Our society vomits out of its mouth the notion of something being absolutely right or absolutely wrong because of the pluralist philosophy by which it is controlled. “Who are you to say that something is wrong?” or “Who are you to deny gay people their rights?”. If we understand what marriage truly is we will recognise that it’s not about rights at all, or about equality. It is simply about recognising what God Himself says about things that He has created. You can no more redefine the God-given gift of marriage and still call it marriage than you can redefine the physiological purpose and functioning of an eye ball and then expect it to work according to this alternative way.

The Way of Dagon

At the beginning of the book of 1 Samuel (1 Sam. 5), the Ark of the Covenant is captured by the Philistine army and then placed next to their demon god, Dagon. The Ark of the Covenant not only represented the actual Presence, the Shekinah Glory of the Lord, but it served as the only physical manifestation of God on the earth at that time. The sacrilegious act of placing the Presence of Yahweh next to a demonic idol is comparable with society’s placing of the reality of marriage (as defined by God) next to the demonic, post-modern philosophies of 21st Century culture.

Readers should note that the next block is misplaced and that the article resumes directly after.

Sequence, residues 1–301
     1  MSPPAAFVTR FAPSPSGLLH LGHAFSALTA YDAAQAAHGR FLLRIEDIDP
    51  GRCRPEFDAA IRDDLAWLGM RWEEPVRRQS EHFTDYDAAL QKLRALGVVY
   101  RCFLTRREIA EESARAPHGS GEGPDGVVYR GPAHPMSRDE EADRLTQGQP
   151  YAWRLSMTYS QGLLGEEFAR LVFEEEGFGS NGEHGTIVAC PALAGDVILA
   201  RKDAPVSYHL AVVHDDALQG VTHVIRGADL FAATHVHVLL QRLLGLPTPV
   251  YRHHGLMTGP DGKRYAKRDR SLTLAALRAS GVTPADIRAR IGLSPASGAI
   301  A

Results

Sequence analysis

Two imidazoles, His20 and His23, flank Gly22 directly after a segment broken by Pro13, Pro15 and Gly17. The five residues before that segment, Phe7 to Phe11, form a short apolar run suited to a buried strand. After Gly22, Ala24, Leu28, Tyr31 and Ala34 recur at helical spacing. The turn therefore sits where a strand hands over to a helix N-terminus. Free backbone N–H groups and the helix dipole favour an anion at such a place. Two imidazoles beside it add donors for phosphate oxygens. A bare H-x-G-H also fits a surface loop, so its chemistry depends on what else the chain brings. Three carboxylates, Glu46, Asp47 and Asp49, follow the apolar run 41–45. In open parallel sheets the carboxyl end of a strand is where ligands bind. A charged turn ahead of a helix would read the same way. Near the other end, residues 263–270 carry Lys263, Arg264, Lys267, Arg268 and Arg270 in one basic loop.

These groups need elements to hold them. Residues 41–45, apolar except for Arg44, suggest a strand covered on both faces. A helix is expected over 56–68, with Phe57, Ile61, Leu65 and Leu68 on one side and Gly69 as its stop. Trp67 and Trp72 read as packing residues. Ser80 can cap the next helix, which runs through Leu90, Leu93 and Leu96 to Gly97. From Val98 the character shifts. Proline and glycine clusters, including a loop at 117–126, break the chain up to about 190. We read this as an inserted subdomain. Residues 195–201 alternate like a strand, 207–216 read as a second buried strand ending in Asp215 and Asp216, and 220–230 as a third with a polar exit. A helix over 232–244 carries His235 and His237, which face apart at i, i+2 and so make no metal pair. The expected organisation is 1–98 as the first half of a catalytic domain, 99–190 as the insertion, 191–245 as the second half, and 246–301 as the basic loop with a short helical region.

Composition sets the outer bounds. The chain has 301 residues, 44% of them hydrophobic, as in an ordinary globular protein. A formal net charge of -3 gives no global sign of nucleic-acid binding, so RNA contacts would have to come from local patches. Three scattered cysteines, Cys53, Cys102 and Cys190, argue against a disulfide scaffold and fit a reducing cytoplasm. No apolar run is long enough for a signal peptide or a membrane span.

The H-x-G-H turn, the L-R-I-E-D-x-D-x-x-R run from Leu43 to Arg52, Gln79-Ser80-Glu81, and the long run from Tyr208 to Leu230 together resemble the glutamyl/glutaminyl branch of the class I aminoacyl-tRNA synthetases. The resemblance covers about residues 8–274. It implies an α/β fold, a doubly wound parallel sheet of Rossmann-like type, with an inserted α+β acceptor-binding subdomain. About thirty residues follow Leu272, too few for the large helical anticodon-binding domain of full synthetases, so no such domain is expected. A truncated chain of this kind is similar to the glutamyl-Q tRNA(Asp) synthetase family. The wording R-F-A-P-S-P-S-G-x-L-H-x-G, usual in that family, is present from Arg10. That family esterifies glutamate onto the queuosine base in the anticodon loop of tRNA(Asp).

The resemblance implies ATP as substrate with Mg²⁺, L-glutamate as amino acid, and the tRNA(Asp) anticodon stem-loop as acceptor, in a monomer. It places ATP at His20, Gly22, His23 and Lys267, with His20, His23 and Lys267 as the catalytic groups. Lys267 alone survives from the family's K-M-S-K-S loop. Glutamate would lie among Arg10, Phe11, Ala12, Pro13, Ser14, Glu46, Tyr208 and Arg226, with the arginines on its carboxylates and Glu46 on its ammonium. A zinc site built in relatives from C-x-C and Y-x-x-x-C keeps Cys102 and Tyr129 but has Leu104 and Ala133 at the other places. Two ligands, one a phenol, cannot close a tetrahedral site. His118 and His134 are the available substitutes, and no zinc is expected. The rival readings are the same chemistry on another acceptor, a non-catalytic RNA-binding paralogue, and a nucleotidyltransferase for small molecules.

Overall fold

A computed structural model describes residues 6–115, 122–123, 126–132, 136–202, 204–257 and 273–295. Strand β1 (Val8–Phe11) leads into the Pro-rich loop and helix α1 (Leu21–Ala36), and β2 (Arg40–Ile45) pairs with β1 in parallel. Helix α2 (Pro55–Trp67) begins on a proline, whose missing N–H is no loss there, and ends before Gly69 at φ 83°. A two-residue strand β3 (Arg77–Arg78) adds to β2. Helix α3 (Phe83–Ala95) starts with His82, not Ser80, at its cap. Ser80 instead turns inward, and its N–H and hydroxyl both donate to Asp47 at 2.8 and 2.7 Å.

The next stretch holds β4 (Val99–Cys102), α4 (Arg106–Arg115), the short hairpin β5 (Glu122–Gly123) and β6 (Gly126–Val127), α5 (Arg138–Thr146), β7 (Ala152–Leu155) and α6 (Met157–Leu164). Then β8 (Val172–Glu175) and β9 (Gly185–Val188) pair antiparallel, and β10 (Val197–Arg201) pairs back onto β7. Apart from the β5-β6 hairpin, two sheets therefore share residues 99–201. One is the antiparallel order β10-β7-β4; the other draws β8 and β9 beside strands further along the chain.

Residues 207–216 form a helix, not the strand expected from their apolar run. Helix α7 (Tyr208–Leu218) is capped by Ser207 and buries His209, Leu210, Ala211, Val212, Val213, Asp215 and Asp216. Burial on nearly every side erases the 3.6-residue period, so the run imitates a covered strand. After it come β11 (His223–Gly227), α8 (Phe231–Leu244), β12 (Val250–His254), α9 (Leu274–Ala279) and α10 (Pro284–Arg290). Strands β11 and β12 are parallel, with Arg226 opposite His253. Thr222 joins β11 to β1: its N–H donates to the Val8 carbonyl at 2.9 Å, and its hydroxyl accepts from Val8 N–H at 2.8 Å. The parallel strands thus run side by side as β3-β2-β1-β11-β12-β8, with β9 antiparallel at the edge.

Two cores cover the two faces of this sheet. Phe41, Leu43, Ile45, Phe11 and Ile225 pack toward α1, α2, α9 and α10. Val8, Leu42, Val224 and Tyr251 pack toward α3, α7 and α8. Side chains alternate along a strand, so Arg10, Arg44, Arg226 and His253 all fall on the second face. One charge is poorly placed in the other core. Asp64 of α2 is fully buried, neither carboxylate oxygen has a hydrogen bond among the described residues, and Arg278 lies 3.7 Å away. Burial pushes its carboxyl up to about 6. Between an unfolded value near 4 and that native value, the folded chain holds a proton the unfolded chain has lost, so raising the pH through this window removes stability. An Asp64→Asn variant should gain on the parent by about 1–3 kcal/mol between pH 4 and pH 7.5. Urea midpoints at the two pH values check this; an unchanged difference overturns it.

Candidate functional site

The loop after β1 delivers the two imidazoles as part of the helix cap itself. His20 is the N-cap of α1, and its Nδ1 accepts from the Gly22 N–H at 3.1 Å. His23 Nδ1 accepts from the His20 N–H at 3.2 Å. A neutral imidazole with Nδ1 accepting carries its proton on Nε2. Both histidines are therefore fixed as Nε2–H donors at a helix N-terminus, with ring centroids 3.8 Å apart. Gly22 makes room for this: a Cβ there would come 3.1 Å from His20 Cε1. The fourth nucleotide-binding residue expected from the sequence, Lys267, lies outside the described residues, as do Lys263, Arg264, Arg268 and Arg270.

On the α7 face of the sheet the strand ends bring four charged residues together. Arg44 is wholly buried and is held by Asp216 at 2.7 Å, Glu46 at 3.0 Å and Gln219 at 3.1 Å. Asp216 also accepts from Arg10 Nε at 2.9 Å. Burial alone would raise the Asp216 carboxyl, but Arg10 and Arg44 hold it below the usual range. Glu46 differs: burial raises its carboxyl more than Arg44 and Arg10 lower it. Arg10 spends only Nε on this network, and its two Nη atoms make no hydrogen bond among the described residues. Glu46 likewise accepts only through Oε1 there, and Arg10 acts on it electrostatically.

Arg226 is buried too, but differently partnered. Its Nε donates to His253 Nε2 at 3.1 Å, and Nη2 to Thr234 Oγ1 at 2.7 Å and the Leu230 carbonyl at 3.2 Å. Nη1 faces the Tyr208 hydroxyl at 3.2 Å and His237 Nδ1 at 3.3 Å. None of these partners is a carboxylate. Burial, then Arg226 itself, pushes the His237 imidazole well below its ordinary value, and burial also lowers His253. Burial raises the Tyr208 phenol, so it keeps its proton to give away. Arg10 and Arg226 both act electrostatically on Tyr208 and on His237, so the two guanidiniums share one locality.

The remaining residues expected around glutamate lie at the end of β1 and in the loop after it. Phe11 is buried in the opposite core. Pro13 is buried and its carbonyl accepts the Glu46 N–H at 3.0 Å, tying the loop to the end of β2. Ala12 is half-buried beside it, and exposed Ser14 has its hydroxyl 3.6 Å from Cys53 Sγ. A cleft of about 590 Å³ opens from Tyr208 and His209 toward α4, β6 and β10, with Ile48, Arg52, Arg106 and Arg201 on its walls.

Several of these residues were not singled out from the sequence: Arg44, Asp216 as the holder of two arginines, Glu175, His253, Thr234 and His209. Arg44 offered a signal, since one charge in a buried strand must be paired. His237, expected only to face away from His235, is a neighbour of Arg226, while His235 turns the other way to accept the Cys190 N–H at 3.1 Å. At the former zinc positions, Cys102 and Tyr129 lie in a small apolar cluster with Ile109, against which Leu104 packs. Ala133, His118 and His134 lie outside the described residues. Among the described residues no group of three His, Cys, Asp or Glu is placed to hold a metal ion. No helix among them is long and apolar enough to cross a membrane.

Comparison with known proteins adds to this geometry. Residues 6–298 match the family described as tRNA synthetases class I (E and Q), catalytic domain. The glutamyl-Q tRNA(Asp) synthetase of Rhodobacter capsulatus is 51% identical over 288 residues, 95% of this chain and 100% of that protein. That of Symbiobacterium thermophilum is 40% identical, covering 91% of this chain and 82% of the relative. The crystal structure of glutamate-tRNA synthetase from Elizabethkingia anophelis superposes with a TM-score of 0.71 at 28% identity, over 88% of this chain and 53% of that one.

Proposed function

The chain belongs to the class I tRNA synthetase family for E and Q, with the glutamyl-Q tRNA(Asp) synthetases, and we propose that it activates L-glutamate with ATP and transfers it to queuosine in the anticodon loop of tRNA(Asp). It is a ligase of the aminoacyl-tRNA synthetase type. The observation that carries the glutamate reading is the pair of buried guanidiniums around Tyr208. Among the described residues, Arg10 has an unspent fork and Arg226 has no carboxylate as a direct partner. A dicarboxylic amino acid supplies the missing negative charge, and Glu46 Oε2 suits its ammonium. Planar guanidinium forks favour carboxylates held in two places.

God demonstrated His power in this situation by dismembering the powers of darkness in that Philistine shrine. I think it is right that we pray and expect that God will do the same in the age in which we live, especially around this issue of marriage – the graciously-given copy pointing to the original masterpiece of God’s love-sick union with His people.

Finally, brothers and sisters, whatever is true, whatever is noble, whatever is right, whatever is pure, whatever is lovely, whatever is admirable—if anything is excellent or praiseworthy—think about such things.” Phil.4:8


** http://www.desiringgod.org/resource-library/books/this-momentary-marriage – free download

Published by firebrandnotes

Radical Preparation for the Return of Christ

17 thoughts on “What Jesus Would Say About Marriage if He Appeared on the BBC’s Question Time Panel